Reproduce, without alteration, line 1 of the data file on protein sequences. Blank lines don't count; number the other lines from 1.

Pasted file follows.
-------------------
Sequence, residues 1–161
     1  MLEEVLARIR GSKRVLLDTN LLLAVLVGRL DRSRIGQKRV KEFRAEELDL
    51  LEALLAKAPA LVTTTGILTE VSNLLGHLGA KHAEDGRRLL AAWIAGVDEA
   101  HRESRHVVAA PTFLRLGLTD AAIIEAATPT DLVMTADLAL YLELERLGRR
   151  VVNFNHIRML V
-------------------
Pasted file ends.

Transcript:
Sequence, residues 1–161